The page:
The Land Deal Politics Initiative

LDPI Small Grant Competition Part 2 – 2011-12: Call for applications
13 October 2011
Article

The Land Deal Politics Initiative calls for applications to their small grant competition. Grants are available to undertake original field research, carry out follow up fieldwork on an ongoing related initiative, or write up a paper based on research. 

For all relevant detailed information see the attached pdf.

A convergence of factors has been driving a revaluation of land by powerful economic and political actors. This is occurring across the world, but especially in the global South. As a result, we are seeing a dramatic rise in the extent of cross-border, transnational corporation-driven and, in some cases foreign government-driven, large-scale land deals unfolding worldwide. The phrase ‘global land grab’ has become a catch-all phrase to describe this explosion of (trans)national commercial land transactions revolving around the production and sale of food and biofuels, conservation and mining activities.

Encouraged by the success of last year’s LDPI small grant competition, and confronted by the challenge of having a deeper understanding of the dynamics of land grabbing, LDPI is launching a Small Grants Competition Part 2: 2011-12. Grants of up to US$3000 per study are available to successful applicants who wish to undertake original field research, carry out follow up fieldwork on an ongoing related initiative, or write up a paper based on research that is being/has been undertaken on any of the following themes (or combinations). 

For the 2011-12 small grants competition, we are particularly keen on themes around resistance and alternatives – although we remain open to broader topics around political economy, political ecology and political sociology.

The research must be original, policy-relevant and based on detailed, case-specific field study. General review papers will not be accepted. Final papers will be around 10,000 words long, and guidelines for their production will be issued to successful grant holders. The final papers will become part of an international series (the LDPI working paper series) that will be published on the internet and widely disseminated among regional and international research institutions, donor community, policy makers’ circles, NGOs, and agrarian movements – with the possibility of more formal academic publication, either in an edited volume or a special issue of a journal.

To be eligible:

  • The applicant must a doctoral or post-doctoral (graduating within the last five years) researcher.
  • Non-doctoral/non-postdoctoral researchers may apply but will have a different requirement – see further below. 
  • The research must be based on recent (over the last 5 years), field-based, site-specific research.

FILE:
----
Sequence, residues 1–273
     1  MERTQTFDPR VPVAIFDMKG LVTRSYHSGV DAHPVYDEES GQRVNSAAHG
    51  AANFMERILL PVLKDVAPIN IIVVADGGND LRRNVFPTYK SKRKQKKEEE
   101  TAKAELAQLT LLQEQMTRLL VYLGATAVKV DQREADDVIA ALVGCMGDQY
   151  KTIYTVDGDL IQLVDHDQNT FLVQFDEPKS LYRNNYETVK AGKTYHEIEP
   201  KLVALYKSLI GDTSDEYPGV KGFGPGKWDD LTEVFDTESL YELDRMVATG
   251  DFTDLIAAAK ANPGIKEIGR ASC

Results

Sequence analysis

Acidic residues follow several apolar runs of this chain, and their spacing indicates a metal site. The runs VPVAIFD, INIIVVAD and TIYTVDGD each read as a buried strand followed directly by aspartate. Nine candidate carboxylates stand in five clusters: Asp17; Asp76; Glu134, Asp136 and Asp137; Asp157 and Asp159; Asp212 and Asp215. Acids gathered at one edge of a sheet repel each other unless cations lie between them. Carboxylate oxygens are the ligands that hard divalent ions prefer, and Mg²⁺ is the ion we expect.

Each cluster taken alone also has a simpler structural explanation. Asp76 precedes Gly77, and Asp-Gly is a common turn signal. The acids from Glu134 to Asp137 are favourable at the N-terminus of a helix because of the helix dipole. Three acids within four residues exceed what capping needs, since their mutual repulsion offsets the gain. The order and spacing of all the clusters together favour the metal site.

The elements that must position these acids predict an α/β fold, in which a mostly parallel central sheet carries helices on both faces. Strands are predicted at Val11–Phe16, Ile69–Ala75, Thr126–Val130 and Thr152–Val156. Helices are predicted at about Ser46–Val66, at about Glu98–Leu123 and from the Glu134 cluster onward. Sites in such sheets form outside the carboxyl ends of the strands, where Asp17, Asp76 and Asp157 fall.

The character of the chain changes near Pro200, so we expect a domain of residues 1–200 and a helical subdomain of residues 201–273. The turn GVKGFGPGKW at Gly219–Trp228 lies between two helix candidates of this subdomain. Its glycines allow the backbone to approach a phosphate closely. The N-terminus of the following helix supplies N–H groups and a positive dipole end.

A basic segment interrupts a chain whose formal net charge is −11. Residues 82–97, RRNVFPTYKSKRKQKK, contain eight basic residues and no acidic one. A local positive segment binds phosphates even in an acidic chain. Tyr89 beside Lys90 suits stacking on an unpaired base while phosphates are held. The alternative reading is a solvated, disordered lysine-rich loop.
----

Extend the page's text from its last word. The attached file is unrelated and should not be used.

Short proposals (500 words maximum) for the research/paper must be submitted by email to landpolitics@gmail.com by 15 December 2011, together with a short CV. For non-doctoral/non-postdoctoral applicant, a longer proposal is required, at 1,500 words, together with the names of two referees.

A review committee, drawn from the sponsoring institutions, will award small grants in January 2012. Successful applicants will have until 31 July 2012 to complete a paper. All papers will be peer-reviewed and final versions will be submitted before 30 September 2012. Papers will be published (electronic format only) in the LDPI working paper series. Some papers might be selected for presentation at the LDPI International Conference on Global Land Grabbing in October 2012 in Cornell University. Details about this conference will be released soon.

The ‘Land Deal Politics Initiative’ (LDPI) is initially a joint effort of Initiatives in Critical Agrarian Studies (ICAS) and the Resource, Environment and Livelihoods (RELIVE) Research Cluster at the International Institute of Social Studies (Saturnino ‘Jun’ Borras Jr. – the LDPI international secretariat, and Ben White), the Future Agricultures Consortium at the Institute for Development Studies (IDS), University of Sussex (Ian Scoones), the Institute for Poverty, Land and Agrarian Studies (PLAAS) at the University of the Western Cape (Ruth Hall), and the Polson Institute for Global Development at Cornell University (Wendy Wolford).

More on the LDPI can be found at www.iss.nl/ldpi

For additional information, you may contact one of the LDPI convenors:

  • Saturnino (‘Jun’) Borras Jr., junborras@yahoo.com
  • Ruth Hall, rhall@uwc.ac.za
  • Ian Scoones, i.scoones@ids.ac.uk
  • Ben White, white@iss.nl
  • Wendy Wolford, www43@cornell.edu

Painting: Deep South by William H. Johnson